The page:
This can be done through informal conversations, focus groups or via employee ambassadors if you have them. You should also provide ongoing opportunities to give feedback and ask questions about the specific issue you’re communicating.
Not only will the insight help you to improve your approach, but the process of researching, listening and involving people will create trust and contribute to the open and inclusive culture employees now expect.
2) Plan the journey
When looking at employee experience, think about their journey through the business and plan your communications to fit. When are the key points they will need or want to know about or act on something? Where do they want to find this information?
If it’s a company share plan, for example, telling them about it a week before the annual three-week window to join isn’t going to achieve your objective or contribute to a great employee experience. We’d usually recommend making people aware of it at induction, then communicating little and often, infiltrating a variety of short messages to raise awareness and understanding into reward and other suitable communications throughout the year.
3) Connect the dots
Doing meaningful work and believing in the purpose of an organisation are essential for the modern employee while understanding the strategy and their role within it – something companies have realised are key to maximising engagement.
So, whatever you’re communicating, it needs to link back to these in some way. If it’s a new code of conduct, for example, how does this contribute to achieving the purpose? Also, how does this fit into the overall approach to governance and compliance, as well as link to company values? Avoid working in silos by involving other stakeholders in the design of communications, so it all fits together. A joined-up approach to projects improves the experience of those involved while also achieving the much desired experience for employees.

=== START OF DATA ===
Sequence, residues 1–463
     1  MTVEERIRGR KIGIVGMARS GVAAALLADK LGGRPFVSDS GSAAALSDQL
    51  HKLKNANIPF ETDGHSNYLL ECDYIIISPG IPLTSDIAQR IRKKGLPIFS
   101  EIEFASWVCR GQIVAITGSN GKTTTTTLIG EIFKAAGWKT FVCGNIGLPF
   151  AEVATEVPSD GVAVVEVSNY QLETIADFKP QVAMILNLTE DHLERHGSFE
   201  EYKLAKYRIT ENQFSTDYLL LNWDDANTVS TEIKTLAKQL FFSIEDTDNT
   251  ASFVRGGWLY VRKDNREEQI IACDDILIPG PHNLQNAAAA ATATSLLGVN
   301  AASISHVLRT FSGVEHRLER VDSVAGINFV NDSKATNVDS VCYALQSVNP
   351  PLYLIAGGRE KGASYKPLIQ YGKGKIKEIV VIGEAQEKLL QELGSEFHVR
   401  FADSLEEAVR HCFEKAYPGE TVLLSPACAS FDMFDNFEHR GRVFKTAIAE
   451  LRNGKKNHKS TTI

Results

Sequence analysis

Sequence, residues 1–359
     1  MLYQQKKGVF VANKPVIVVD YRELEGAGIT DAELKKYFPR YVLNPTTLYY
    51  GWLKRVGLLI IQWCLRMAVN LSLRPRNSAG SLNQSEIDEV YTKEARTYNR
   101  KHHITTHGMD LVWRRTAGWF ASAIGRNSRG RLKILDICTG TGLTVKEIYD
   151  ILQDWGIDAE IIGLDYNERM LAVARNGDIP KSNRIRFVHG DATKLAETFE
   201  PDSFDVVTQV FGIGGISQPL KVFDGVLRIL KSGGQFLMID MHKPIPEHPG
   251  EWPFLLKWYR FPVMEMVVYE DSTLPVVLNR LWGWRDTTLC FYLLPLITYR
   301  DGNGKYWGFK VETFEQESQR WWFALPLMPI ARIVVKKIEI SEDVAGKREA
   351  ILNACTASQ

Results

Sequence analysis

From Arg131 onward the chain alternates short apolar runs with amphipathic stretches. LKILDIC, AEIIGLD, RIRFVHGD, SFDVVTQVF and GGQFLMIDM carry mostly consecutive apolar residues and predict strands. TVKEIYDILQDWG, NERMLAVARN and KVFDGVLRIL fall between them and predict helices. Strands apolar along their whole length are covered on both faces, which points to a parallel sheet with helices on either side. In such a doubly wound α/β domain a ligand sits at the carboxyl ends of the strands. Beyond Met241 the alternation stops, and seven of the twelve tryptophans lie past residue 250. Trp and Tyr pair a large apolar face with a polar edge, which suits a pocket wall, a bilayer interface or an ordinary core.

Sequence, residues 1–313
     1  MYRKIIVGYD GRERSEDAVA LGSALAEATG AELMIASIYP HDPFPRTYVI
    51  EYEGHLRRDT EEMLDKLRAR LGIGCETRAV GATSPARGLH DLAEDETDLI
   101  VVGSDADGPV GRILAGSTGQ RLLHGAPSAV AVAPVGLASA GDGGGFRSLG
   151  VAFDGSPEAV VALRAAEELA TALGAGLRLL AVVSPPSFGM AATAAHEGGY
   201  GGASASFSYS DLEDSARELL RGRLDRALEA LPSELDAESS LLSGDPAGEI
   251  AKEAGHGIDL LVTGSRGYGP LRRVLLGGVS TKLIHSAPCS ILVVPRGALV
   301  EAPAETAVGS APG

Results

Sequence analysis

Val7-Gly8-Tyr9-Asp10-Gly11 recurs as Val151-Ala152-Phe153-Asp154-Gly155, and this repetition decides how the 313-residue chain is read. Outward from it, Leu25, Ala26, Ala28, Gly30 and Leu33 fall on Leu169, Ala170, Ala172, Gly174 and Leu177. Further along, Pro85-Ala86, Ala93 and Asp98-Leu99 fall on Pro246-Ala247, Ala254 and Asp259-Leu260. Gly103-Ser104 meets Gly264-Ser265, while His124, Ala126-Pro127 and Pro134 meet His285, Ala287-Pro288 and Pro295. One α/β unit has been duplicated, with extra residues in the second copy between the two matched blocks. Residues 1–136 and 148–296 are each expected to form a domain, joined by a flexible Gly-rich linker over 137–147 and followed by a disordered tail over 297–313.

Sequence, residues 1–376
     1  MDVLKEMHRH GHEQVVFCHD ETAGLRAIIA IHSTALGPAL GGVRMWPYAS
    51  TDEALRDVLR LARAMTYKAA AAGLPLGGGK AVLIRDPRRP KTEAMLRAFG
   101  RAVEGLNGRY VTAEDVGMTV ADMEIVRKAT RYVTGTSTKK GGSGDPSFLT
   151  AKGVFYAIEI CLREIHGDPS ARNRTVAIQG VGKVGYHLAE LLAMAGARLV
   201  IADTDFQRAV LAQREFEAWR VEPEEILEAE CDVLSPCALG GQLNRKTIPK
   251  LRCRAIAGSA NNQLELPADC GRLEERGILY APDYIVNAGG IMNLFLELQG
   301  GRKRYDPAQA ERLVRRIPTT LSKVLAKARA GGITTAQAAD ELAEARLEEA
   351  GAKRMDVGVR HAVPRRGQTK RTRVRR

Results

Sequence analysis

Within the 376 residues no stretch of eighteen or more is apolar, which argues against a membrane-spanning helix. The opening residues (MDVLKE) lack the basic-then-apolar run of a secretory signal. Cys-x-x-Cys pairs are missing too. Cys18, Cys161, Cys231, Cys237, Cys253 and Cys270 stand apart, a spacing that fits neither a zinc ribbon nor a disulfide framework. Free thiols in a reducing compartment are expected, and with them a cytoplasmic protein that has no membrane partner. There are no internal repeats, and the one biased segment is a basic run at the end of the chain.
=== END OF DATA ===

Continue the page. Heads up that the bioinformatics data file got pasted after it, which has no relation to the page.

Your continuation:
4) Create amazing
Whatever you’re communicating, be it technical, financial or legal, you can do it in a way which is thought-provoking and inspires people. Just like customers, to get commitment and change employee behaviour, you’ll need to get their intellectual and emotional buy-in, which means speaking to both their heads and hearts.
How many people want to receive a lengthy email, telling them to do something and an even lengthier pdf policy to wade through? Graphical guides with key information, animations and concise emails which bring a topic to life with stories, and real-life experiences are far better ways to get your message across and make people feel valued instead of overwhelmed.
What experience tells us
Creating the right employee experience is a complex challenge that requires continuous commitment, but Stephen Covey, the renowned American business author, summed it up nicely by saying: “Always treat your employees exactly as you want them to treat your best customers.” We can all contribute to this through the way we communicate, and if we want our businesses to thrive in this ever-changing world, it’s an opportunity we can’t afford to miss.
Challenge the process
Want to create a communications campaign that makes a positive difference to your employee experience? Let’s talk!